Chief Judge Timothy Evans reaches settlement with county in lawsuit over layoffs

SHARE Chief Judge Timothy Evans reaches settlement with county in lawsuit over layoffs

Cook County Chief Judge Timothy Evans, with County Board President Toni Preckwinkle, answers questions after the announcement of the MacArthur Foundation grant for the county justice system. | Rich Hein/Sun-Times

Cook County Chief Judge Timothy Evans has reached a deal with the county and Board President Toni Preckwinkle months after filing suit to avoid layoffs in his office.

The settlement will give Evans $8 million in new funding and credits to the Office of the Chief Judge for 2018 and another $2.5 million in capital improvement funding in 2019, according to a statement from Preckwinkle’s office.

Evans’ office had sued last year, and a judge had issued a temporary restraining order halting the layoffs.

That settlement is “for a dollar value much lower than what was initially demanded” and will “promote future savings” in Evans’ office, Preckwinkle said in a statement. “Our goal in engaging in good-faith negotiations was to achieve operational savings and efficiencies” in return providing more money to Evans’ office, the statement continued. “We believe we have done so.”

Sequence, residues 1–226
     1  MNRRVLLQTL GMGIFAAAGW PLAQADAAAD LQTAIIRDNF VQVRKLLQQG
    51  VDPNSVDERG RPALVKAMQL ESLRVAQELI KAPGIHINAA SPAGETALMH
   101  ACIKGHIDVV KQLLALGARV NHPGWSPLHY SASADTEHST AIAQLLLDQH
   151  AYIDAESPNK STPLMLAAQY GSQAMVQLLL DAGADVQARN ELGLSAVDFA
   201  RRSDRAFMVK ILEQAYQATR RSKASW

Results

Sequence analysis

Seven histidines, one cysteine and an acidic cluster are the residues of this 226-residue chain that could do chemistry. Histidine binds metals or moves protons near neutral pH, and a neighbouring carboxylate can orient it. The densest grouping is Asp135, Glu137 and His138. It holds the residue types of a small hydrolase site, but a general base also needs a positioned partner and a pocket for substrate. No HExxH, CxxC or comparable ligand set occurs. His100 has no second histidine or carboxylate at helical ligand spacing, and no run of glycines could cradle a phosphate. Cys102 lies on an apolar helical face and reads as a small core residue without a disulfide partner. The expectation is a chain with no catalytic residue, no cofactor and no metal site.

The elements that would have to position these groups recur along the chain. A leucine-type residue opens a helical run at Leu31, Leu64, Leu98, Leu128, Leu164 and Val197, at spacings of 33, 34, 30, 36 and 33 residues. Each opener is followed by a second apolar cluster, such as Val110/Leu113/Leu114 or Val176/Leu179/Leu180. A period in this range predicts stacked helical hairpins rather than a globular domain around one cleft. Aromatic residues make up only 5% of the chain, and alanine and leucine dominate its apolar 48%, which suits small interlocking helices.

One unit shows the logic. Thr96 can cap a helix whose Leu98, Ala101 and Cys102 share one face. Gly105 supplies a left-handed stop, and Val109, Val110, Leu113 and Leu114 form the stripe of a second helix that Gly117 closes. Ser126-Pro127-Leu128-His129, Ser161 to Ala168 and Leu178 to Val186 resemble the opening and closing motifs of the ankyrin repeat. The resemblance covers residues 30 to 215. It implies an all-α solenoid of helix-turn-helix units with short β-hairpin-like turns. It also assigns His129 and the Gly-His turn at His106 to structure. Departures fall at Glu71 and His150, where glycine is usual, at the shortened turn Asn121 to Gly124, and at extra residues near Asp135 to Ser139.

The Juvenile Temporary Detention Center will lose 22 positions under the settlement; roughly 180 positions were to be terminated under budget cuts proposed in November.

Behavioral health services for juveniles will be turned over to the Cook County Health and Hospitals System by Sept. 1; those services had been provided by an external vendor.

The settlement also includes closing branch courts at 51stand Wentworth and Belmont and Western, as well as closing one residential center at the juvenile detention center.

The Annie E. Casey Foundation will do an operational and staffing study at the detention center, and the National Center for State Courts will do a court utilization study for the office.

In November, lawyers representing Evans’ office argued for the county to provide the office with at least $290 million in the 2018 budget — $41 million more than he was set to receive.

In a statement Wednesday, a pleased Evans said the lawsuit made it clear that the county board has no authority to lay off court employees. It just sets funding levels, Evans said, and the court decides how the money is used.

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